When we envision people using our services, we tend to design for the happy path. The girl meets the boy. We exceed our health goals. The applicant gets the job. The service works flawlessly. But of course in many product experiences, the typical path is not always a happy one: bad things happen. We are left swiped. We fail to get off the couch. We send cover letters and applications into the silent void. These moments leave us with a group of ego-bruised users, many of whom choose not to stick around for more frustration and rejection.
As product leaders, Fitbit’s Katy Mogal and dscout’s Michael Winnick both influence product experiences that risk leaving users feeling rejected or demotivated — even when the overall intent of the service or product is to deliver positive outcomes. As researchers, they decided to work together to see what might be done to create a better, bad experience. They will share a set of principles and stories drawn from their own experiences, primary research conducted just for this talk, and interviews with designers in relevant fields from dating to venture capital.
It’s always a delight when we run across someone whose UX mission goes beyond merely improving experiences, and aims to improve people’s lives. How’s that for motivation? We were inspired just talking with Katy Mogal and decided she just had to come to Fluxible. She’ll give us all much to think about!
Katy is a long-time observer of the human condition, who figured out how to turn curiosity (some might say “nosiness”) into a vocation. And speaking of running across someone, Katy leads a team of anthropologists, design strategists and behavioral scientists at Fitbit. Together, they explore user behaviors, needs and desires to inform the development of hardware and software experiences that help people live healthier, more active lives. Katy also helps germinate the next generation of design researchers through adjunct faculty positions at CCA and Stanford.
In Michael Winnick, we have the design field's very own "Jacques Cousteau" on the program.
In 1950, Cousteau launched the vessel Calypso; it served famously for decades as a mobile research platform, unlocking secrets in the daily lives of marine animals. In 2011, Michael mirrored this move with the launch of another mobile research platform; today, dscout unlocks meaningful insights into the moments that matter in people's lives, as inputs to product and service design.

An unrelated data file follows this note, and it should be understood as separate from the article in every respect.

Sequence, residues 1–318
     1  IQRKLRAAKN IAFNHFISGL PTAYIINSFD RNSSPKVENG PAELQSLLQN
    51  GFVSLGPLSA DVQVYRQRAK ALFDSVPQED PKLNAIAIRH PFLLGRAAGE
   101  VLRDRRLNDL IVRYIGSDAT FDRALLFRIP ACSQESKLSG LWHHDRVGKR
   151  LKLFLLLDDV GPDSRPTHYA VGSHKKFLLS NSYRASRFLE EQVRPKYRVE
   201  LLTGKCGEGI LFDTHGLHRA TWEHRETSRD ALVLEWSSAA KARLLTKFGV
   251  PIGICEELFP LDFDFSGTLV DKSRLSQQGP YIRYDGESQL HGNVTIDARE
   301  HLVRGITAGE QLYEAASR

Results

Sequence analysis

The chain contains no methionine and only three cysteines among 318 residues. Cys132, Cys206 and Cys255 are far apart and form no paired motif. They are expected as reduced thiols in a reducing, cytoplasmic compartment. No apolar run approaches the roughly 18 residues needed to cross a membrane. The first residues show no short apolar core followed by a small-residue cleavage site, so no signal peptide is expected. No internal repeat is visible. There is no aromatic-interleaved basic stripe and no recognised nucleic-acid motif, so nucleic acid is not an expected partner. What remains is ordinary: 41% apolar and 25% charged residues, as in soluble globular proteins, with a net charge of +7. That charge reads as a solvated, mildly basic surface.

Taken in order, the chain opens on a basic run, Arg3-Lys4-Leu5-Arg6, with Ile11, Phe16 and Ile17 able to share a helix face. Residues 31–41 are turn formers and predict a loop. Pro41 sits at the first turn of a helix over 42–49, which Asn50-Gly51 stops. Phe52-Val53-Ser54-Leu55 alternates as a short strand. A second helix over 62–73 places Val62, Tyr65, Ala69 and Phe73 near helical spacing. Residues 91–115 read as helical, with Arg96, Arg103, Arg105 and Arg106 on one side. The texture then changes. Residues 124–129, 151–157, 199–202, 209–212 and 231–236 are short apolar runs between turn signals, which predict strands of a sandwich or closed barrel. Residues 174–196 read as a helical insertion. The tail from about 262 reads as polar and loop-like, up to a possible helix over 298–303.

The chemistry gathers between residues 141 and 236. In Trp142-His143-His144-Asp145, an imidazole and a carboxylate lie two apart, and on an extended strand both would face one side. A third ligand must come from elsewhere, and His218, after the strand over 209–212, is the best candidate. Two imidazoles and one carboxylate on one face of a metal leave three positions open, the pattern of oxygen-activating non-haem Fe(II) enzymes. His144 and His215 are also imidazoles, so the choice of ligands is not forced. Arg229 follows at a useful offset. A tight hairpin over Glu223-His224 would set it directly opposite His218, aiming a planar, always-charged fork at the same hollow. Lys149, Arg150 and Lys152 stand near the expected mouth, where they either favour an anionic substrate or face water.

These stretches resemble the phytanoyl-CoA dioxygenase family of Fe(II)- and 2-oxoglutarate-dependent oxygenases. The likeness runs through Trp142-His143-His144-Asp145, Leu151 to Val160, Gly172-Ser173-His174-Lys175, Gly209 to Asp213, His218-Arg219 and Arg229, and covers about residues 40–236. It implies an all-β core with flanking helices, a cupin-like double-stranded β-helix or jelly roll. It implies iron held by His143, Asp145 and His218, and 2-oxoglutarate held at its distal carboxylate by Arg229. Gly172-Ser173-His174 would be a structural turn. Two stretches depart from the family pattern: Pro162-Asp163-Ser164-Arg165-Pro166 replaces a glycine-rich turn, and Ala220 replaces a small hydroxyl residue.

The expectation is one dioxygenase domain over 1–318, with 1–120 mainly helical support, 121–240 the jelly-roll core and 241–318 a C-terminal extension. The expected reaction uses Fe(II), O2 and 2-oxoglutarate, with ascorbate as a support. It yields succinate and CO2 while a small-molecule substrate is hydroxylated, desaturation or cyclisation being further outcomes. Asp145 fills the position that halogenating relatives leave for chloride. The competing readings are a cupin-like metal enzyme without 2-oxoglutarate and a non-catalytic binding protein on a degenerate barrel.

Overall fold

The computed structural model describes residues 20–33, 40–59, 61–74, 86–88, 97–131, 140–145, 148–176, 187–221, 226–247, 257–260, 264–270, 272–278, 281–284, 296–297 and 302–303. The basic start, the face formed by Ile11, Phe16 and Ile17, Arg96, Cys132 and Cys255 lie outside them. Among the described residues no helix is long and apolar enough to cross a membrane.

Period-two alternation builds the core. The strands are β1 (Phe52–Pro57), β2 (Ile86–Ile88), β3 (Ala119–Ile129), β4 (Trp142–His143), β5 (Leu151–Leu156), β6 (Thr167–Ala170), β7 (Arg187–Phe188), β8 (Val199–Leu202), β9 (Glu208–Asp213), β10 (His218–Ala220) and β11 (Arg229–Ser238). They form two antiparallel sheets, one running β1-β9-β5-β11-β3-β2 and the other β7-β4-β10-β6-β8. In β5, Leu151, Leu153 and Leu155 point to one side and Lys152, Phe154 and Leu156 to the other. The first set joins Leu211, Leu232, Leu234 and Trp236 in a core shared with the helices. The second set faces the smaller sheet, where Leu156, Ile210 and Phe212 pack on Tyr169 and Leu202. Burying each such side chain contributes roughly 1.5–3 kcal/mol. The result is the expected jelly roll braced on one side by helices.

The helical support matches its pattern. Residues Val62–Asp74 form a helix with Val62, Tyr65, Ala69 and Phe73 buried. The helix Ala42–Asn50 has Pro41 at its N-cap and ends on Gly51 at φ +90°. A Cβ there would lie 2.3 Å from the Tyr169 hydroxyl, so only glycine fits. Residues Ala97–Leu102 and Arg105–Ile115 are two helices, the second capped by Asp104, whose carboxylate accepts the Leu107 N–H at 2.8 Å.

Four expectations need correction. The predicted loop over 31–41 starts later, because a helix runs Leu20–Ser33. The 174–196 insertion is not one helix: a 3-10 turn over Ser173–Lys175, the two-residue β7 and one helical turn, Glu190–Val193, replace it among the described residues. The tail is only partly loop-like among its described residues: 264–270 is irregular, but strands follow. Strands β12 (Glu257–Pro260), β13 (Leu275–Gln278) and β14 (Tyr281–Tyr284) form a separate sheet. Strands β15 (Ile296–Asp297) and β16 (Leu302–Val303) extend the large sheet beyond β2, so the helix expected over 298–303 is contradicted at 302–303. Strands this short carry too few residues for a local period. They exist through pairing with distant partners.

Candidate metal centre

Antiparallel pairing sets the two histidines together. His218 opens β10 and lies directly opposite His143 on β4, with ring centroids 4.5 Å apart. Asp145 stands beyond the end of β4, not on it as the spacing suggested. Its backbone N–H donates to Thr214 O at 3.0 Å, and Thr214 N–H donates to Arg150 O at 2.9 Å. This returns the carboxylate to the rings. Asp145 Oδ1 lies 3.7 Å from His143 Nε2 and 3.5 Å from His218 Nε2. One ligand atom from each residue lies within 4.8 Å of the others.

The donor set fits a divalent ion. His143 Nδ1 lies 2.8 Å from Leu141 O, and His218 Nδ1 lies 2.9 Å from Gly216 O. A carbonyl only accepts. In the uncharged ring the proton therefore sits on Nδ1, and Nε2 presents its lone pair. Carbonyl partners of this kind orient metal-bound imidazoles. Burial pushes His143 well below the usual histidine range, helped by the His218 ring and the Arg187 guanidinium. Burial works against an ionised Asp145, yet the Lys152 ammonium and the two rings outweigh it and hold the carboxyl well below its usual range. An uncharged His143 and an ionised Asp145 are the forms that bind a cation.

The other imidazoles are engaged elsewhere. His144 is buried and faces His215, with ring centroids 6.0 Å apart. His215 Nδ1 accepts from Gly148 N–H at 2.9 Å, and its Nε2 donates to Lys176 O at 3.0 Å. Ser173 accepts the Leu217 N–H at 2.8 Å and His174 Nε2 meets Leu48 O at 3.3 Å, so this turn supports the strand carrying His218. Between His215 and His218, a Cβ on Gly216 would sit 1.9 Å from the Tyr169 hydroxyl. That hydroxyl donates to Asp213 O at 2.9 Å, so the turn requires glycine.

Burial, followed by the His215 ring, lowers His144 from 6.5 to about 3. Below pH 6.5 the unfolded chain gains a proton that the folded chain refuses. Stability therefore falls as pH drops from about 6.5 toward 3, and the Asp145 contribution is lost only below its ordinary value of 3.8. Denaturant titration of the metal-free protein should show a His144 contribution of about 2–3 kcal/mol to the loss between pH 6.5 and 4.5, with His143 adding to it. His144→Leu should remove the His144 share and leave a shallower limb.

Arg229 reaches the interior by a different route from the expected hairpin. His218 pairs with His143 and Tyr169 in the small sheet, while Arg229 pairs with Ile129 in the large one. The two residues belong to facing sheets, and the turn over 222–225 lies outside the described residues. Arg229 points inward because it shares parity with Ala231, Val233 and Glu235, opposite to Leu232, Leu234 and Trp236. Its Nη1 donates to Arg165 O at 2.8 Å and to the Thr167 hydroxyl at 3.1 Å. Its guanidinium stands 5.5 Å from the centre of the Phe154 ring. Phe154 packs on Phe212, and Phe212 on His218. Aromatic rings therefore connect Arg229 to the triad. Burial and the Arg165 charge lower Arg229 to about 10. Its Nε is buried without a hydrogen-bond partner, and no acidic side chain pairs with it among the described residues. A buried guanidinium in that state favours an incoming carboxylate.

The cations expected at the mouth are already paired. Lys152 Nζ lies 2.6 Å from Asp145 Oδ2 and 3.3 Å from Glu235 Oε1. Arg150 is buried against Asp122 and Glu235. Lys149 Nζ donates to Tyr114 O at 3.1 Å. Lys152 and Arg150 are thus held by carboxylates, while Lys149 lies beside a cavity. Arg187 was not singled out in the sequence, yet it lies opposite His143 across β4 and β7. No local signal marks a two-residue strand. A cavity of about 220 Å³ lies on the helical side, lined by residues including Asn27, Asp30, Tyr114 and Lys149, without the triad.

They're identical platforms, really, Calypso and dscout. Except in every detail. As dscout’s tools have become a centerpiece for qual+quant exploration by progressive tech companies, retailers and consulting firms, their research and product leaders continuously tap into CEO Michael’s personal passion for making sense of it all. His subject matter expertise at the intersection of design and digital has afforded him a lead role in reshaping consumer product and technology landscapes within organizations and across industries. He speaks regularly on innovation in the U.S. and abroad, though rarely underwater as far as we know.
Prior to leading dscout, Michael served as gravitytank's Managing Partner, steering the innovation consultancy through exponential growth for nearly a decade. He has also led product development efforts at Bay Area start-ups and media companies, including Wired. Michael is an alum of IIT Institute of Design (ID), received a BA from Stanford University, and has taught graduate level courses on concept definition at ID. He serves as adjunct faculty at Northwestern University’s McCormick School of Engineering and Kellogg School of Management.